5. Theoretical Model

There is a lack of research articles discussing the acceptance of genetically edited food using the SEM method due to the uniqueness of the genetically edited food approach and the fact that it is not commercialized on a broader level. Therefore, this research has utilized public attitudes toward biotechnology, identified by Pardo [43], as well as Fishbein’s multi-attribute model that explores the relationship between beliefs about a particular object and the attitude towards it [44]. In addition, several papers related to the acceptance of genetically modified food have been utilized in creating this model. The model measures the following different factors: Knowledge (KN), Attitude Towards Technology (ATT), Perceived Benefits (PB), Perceived Risk (PR), Trust (TR), and Willingness to Purchase (WTP) as presented in Figure 1.

5.1. Knowledge (KN)

In general, knowledge about a particular subject has a high impact on the attitude towards it. Although the public has a low level of understanding of genetically edited food, knowledge about biotechnology and its impact on modern society has increased dramatically due to advances in communication technologies and science communication in general. Gaskell has argued that knowledge plays an essential role in terms of perceived risk, following a study showing that limited knowledge regarding genetically modified food can increase the level of risk perception [45]. Therefore, our hypothesis (H) for the knowledge factor was set as follows:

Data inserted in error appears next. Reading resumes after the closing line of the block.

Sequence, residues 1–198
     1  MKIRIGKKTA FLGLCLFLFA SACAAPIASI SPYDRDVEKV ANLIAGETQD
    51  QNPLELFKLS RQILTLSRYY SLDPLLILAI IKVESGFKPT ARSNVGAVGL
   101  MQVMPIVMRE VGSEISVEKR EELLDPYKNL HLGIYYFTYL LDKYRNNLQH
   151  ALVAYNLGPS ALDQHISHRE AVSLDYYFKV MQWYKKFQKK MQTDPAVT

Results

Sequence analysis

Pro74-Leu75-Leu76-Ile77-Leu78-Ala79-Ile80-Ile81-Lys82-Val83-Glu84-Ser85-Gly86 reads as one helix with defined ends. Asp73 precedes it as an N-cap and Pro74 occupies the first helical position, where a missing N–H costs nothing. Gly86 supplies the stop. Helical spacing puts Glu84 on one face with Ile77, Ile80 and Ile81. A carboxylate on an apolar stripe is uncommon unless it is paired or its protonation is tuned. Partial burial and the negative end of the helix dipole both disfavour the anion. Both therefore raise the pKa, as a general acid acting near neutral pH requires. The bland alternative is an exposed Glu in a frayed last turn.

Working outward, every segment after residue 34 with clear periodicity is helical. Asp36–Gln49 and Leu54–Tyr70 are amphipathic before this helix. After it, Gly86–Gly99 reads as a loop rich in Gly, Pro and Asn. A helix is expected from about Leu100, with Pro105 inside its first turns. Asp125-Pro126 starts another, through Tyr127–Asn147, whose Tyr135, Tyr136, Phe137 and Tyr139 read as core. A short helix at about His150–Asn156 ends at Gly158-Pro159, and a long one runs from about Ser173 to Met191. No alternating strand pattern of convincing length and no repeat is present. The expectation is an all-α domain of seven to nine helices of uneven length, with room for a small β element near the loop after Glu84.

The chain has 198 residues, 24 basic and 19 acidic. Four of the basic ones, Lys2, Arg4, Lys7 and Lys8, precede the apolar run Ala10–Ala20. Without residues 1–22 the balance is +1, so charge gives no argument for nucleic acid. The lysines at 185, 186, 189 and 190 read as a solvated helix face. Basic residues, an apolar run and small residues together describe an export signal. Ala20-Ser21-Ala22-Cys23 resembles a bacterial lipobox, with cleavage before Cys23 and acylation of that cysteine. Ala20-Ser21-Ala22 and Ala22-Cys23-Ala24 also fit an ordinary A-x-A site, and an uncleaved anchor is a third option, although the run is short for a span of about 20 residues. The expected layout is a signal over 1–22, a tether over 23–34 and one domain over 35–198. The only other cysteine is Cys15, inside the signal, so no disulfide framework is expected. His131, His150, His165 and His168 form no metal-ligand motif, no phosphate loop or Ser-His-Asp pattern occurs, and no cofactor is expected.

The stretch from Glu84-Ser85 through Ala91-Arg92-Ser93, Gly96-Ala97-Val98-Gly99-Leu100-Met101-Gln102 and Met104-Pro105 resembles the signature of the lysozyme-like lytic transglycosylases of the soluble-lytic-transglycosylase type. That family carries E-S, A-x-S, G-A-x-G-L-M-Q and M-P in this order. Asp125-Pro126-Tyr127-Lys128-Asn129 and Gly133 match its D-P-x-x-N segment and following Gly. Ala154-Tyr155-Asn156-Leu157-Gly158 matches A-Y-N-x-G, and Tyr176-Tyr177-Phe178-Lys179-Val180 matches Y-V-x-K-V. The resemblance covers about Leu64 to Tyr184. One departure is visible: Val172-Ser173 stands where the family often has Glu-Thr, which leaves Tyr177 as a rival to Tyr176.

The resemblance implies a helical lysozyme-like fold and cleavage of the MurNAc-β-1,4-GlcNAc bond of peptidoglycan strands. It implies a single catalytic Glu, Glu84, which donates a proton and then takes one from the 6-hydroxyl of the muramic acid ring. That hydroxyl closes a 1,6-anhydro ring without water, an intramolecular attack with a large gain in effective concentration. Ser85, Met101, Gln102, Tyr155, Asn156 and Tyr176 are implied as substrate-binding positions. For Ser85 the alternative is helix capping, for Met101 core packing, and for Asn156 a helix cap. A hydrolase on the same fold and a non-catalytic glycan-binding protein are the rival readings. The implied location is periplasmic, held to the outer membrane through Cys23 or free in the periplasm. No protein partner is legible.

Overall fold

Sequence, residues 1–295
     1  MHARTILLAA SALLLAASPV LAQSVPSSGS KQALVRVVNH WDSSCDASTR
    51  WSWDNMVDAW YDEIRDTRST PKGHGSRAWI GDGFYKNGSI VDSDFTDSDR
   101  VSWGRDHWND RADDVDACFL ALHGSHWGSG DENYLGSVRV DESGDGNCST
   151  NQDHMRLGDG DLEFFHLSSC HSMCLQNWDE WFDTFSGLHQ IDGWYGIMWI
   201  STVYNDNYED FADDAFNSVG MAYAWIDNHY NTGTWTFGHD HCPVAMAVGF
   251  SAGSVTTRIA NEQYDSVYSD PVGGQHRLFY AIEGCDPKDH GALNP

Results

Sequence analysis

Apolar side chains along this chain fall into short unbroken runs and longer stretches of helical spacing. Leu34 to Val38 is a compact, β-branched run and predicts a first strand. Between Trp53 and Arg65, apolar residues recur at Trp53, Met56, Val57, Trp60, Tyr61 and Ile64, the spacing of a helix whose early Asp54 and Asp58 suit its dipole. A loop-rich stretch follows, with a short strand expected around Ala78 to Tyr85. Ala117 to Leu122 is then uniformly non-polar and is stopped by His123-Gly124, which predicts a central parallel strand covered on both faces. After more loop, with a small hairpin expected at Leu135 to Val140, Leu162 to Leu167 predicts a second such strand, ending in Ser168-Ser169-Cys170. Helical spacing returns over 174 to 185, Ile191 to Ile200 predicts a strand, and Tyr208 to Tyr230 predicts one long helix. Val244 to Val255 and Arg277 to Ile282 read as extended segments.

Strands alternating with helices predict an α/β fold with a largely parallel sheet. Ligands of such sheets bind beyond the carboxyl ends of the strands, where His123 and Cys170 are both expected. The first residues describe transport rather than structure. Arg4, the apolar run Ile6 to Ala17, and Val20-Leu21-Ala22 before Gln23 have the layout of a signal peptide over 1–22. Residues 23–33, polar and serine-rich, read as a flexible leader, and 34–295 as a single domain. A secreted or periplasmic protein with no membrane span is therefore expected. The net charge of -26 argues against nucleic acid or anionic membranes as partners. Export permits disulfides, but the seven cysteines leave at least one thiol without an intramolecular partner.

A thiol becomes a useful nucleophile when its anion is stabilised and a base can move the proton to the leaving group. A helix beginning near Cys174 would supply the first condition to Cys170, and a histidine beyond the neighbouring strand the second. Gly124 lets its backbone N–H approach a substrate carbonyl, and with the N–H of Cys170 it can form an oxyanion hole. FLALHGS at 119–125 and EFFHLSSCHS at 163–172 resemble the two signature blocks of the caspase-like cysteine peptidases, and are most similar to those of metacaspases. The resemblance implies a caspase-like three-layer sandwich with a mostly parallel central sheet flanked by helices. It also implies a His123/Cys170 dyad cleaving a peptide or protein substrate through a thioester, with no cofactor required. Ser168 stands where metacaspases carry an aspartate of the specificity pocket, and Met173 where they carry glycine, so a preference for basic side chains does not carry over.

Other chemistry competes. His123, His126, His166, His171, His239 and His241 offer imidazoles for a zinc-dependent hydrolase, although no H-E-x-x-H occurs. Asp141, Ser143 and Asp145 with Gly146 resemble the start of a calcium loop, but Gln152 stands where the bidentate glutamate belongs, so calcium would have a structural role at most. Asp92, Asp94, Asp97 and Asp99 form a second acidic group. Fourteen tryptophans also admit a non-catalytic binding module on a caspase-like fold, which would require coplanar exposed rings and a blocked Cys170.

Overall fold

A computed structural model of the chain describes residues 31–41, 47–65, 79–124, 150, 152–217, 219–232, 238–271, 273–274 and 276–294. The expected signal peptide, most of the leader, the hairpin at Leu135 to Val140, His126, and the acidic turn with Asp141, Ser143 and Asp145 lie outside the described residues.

Hypothesis 1.
Knowledge has a direct effect on Trust.
Hypothesis 2.
Knowledge has a direct effect on Perceived Benefits.
Hypothesis 3.
Knowledge has a direct effect on Perceived Risks.
For this factor, we studied the level of knowledge that the respondents had in terms of genetically modified food and genetically edited food, as well as if they could differentiate between them. In addition, we determined if the respondents knew the potential for utilizing gene editing technology in food, animals, and human health, as well as their willingness to develop further knowledge about this technology.

5.2. Attitude Towards Technology (ATT)

Several scientific articles have argued that if a consumer trusts a certain technology, the general new technology adoption rate for the same consumer may increase [46,47,48]. In this construct, we argue that the consumers who have a high interest in adopting new technologies will also have an interest in understanding information about genetically edited food, and consequently, may have a higher interest in purchasing and consuming genetically edited food, since it is considered a technology-based product. Another study that aims to explore attitudes toward GMOs has found that the majority of respondents believe that science and technology are essential for the development of humankind and, specifically, for local development as well as the local economy. In addition, the study has found a positive correlation between attitudes toward technology in general and the belief that GMO food can increase agricultural production [49]. Therefore, the hypotheses for the Attitude Towards Technology factor were developed as follows: